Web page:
In the evening of June 13, 1886, two men were found dead in the shallow waters of the idyllic Lake Starnberg outside Munich. One was King Ludwig II, creator of a castle fantastic enough to inspire Walt Disney, and the last king of independent Bavaria, a throne he had been removed from four days earlier on the grounds of mental incapacity. The other was Bernhard von Gudden, one of the psychiatrists who had signed the report declaring the king too "paranoid" to rule.
Exactly how they died has still not been cleared up - the official version is that Ludwig, seized with a suicidal melancholy, rushed into the water, the physician tried to stop him, and the king ended up strangling, or drowning, von Gudden in the struggle. Then he either drowned himself deliberately or suffered a heart attack.
But that isn't what the Guglmänner think. This fearsome group of Ludwig loyalists - who wear pointy black hoods to preserve their anonymity and carry flaming torches to look even more menacing - are convinced that Ludwig was murdered by Chancellor Otto von Bismarck's secret agents, using a primitive air-rifle (which is why no one heard the shots). Not only that, they think the king knew that the Prussian agents were after him and was killed in a desperate attempt to flee across the lake in a fishing boat.
To commemorate the 128th anniversary of Ludwig's death this Friday (13.06.2014), the secret Guglmänner organization has released a new documentary that "reveals the truth" about what they call the "biggest crime in history."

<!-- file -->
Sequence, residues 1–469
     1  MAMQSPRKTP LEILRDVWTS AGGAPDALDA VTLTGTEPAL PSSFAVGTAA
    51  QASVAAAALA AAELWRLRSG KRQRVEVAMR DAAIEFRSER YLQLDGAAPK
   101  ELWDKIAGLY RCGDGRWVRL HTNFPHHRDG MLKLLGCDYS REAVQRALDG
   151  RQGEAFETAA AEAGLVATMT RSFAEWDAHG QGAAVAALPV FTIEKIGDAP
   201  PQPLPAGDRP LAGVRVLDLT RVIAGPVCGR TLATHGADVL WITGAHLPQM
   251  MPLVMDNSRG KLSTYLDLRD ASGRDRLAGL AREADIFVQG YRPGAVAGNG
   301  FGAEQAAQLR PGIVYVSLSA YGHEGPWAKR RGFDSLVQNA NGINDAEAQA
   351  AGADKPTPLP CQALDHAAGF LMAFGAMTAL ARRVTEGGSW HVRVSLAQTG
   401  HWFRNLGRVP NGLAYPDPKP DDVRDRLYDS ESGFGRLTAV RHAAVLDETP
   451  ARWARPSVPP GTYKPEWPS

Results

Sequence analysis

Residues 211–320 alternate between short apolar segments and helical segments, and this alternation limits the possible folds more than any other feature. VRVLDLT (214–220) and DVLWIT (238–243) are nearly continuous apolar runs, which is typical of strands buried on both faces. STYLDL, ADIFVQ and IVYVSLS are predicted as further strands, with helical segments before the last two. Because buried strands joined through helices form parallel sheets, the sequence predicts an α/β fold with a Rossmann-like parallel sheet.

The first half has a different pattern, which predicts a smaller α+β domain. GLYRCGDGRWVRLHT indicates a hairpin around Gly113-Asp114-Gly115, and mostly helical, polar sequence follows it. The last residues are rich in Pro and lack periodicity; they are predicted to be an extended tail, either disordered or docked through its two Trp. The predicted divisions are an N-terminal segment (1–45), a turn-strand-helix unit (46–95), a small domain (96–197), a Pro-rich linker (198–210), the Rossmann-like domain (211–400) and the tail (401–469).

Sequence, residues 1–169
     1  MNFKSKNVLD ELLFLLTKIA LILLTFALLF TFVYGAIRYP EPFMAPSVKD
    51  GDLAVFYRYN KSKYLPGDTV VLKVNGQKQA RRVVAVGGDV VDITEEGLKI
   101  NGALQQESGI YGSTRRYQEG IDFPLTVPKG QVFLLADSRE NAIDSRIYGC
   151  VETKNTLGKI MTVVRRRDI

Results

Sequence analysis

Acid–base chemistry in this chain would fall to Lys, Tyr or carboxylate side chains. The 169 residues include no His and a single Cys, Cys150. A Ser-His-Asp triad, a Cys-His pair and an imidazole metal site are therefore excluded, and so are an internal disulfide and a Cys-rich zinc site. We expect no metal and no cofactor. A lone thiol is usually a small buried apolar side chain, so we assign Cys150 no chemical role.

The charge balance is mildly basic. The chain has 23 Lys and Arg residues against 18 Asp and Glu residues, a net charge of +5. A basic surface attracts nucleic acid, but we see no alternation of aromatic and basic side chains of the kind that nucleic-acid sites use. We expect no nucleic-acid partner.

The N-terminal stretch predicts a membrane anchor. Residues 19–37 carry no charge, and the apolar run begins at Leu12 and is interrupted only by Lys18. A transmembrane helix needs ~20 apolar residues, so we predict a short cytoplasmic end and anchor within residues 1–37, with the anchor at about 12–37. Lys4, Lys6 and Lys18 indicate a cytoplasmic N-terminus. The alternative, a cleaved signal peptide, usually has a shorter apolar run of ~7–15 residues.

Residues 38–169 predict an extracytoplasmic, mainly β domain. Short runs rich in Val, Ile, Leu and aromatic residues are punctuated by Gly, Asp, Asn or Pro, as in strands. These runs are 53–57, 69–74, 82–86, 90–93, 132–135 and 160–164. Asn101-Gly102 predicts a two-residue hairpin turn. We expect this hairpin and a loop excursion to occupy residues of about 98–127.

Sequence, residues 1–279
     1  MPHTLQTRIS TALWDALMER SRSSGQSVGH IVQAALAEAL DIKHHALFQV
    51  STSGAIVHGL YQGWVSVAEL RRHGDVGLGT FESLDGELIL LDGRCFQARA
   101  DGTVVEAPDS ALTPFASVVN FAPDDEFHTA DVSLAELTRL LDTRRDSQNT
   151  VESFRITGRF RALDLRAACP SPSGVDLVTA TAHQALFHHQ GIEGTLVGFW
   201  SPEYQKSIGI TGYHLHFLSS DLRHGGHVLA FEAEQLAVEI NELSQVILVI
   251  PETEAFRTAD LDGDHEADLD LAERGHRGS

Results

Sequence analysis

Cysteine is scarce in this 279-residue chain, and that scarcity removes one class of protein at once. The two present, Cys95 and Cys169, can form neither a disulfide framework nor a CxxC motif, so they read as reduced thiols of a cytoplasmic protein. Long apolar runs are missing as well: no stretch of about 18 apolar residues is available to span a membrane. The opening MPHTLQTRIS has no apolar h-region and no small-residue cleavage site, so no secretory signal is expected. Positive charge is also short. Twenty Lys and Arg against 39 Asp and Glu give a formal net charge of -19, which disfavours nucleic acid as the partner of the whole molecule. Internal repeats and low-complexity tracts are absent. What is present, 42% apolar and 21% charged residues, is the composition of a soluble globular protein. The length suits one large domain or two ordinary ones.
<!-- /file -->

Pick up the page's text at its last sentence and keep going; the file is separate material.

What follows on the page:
The 16-minute film is like the denouement of an old-school detective TV show. It is based on a contemporary crime-scene sketch that minutely maps out the final footprints of the two dead men and the route the fishing boat took. Columbo-style, the Guglmann narrator - aided by a slightly awkward re-enactment - patiently explains to viewers why the official explanation for these deaths couldn't possibly be true.
How come the doctor's watch stopped 72 minutes after Ludwig's? Why were the two men's hats only found later - and nowhere near their bodies? Why did the fisherman rowing the boat, Jakob Lidl, leave guilt-stricken notes following his death in 1933 that claimed that Ludwig had indeed been shot?
The barbaric German Reich
It's easy to file these oddities away with history's other conspiracy theories, especially when they come from a group of middle-aged Bavarians who dress up as medieval mourners and consider themselves "symbols of death." But it's true that King Ludwig's untimely death suited the powers around him - his disgruntled ministers, his uncle and successor Prince Regent Luitpold, and above all Bismarck, who had cause to doubt Ludwig's loyalty to the German empire he had forged in 1871.
"The ones around Ludwig, they were all very Reich-friendly," senior Guglmann Richard H. told DW. "But Ludwig was always against it, and the uncertainty factor was always a danger for Bismarck - he didn't want to lose what he had put together so painstakingly."
In other words, Bavaria should never have been absorbed into the German Empire, and Ludwig, who rather prophetically wrote that "this wretched German empire is gradually but surely moving towards barbarism," was the last thorn in its flesh. For the tiny band of Guglmänner, his murky death raises issues about Bavaria's national identity.